A Calgary man, confined to a wheelchair with multiple sclerosis, faces potential eviction from his property for growing his own medicine — despite being legally allowed to do so.

Keith Gall said after the degenerative nerve disease took his ability to walk, only cannabis was able to help him cope with his pain and received a license from Health Canada to grow his own medicine as part of the government’s previous licensing program.

After making renovations to his home (to the cost of around $20,000) in order to safely grow the plant, Gall thought he would be able to produce his own medicine without issue.

Gall said he received a call from the Calgary building inspector, telling him he wanted to take a look at the property for any issues. Gall agreed, and was soon visited by an unexpected team, made up of the building inspector, a plumbing inspector, an electrical inspector, a health inspector and police officers.

“The guys went downstairs, came back up and they said that they didn’t see anything wrong basically and it was looking good down there,” Gall said. “The health inspector called back a couple hours later and said they had changed their mind.”

Gall was told by the Alberta Health Services inspector that the inspector’s supervisor directed him to shut down Gall’s grow under suspicion of mold.

The inspector also told Gall that his home needed to undergo extensive testing, requiring the homeowner to remove all baseboards, window casings, insulation and carpeting – a process that Gall was informed would cost somewhere around $30,000. More than the disabled retiree makes in an entire year.
Even if Gall pays for the work, there’s no guarantee the inspectors won’t return to the home to repeat the process – suspecting mold once again.

“They just want to shut everybody down because they don’t want anybody growing it,” Gall speculated.

Tim Moen is a qualified fire officer who was told about Gall’s situation and, deciding he needed to help, inspected the home.

“I went through his place and found no signs of mold, no fire hazard,” said Moen. “Inspectors found no evidence of mold in keith’s home but cited humidity as a reason to suspect mold and the justification for invasive testing. By that standard any house would have suspicion of mold that requires invasive testing – there’s humidity in every washroom.”

“You can’t even smell the grow-op when you walk in on the first floor – you would never know it’s a grow-op. It’s in a nice, middle-class neighbourhood. not what people would typically exact,” Moen said.

Moen said the Alberta Health Services inspector also sent a letter to Gall’s mortgage lender saying that he was running a grow-op with suspected mold in it – a move that could potentially cost him his home.

Gall was brought to a Alberta Health Services tribunal where authorities would decide if the orders for remediation were issued with proper legal authority.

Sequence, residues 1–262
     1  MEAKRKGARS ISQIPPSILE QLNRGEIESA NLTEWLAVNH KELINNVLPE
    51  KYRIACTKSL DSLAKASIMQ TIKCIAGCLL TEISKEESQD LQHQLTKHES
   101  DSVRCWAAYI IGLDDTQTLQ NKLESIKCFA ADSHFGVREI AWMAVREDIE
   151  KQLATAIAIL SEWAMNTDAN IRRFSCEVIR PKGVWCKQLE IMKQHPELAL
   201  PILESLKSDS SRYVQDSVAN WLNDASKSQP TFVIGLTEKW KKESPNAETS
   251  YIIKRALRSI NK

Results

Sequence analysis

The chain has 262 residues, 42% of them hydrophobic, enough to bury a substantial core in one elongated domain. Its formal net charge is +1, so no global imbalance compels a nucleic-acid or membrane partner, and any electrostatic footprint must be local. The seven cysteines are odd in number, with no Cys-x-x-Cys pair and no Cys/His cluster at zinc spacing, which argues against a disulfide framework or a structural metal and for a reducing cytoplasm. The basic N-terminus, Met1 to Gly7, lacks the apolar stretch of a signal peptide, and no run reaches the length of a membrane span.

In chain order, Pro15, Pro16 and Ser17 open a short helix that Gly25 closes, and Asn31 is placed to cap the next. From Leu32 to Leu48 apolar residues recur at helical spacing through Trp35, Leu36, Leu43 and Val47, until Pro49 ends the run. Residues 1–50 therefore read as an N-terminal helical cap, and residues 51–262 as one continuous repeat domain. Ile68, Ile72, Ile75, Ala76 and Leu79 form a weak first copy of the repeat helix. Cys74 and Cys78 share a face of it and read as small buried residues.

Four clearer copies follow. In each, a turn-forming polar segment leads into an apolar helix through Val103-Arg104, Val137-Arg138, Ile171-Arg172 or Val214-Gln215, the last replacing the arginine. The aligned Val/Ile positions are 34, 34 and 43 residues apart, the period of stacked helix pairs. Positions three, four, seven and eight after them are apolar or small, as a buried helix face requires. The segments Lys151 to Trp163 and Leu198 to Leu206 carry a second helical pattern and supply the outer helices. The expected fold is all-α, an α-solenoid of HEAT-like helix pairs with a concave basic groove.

Testifying on behalf of Gall at the tribunal, Moen said he believed that even if Gall’s case is decided in the homeowner’s favour the problems won’t end there.

“At the end of the hearing, the lawyer for Alberta Health Services told the tribunal that if the tribunal throws this order out that they’ll just come back again even stronger on Gall,” Moen said.

Gall said with an order to stop growing, he doesn’t have many options left.

“You can buy it from Health Canada, but it’s quite expensive,” said Gall. “I think their primary concern is that they can make tax dollars on the stuff you buy from the government. I don’t begrudge them that, that’s the government, that’s how they do things. But once we’ve got this license and I’ve spent all this money they can’t just grab it back.”

One of the pieces of evidence at the tribunal was a 2014 letter from Calgary mayor Naheed Nenshi to then Conservative Health Minister Rona Ambrose, in which Nenshi said he was onboard with the government’s plans to shut down patients growing their own medicine in the city.

“We are very happy with the success of this program and hope our experience in Calgary can be helpful in your continuing efforts to discontinue the Marihuana Medical Access Regulations (MMAR) program,” Nenshi wrote. “These houses create unsafe conditions for the community at large due to criminal activity, unauthorized entry, risk of fire and health and safety concerns.”

“Here’s a progressive mayor that I think his constituents would be interested to know that he isn’t that progressive after all,” Moen said.

Moen said Nenshi’s reasoning that homes with MMAR grows in them are public nuisances because they contain code violations doesn’t make sense.

“As a fire inspector I’ll tell you that just about every occupancy I inspect is going to have a code violation, it’s my job to find those.”

Moen said the whole situation makes him “sick to my stomach” and will continue to work with Gall as the patient waits to hear back from authorities.

“This is a cutting edge case in Alberta, and I think cases like this will determine how legalization proceeds,” Moen said.

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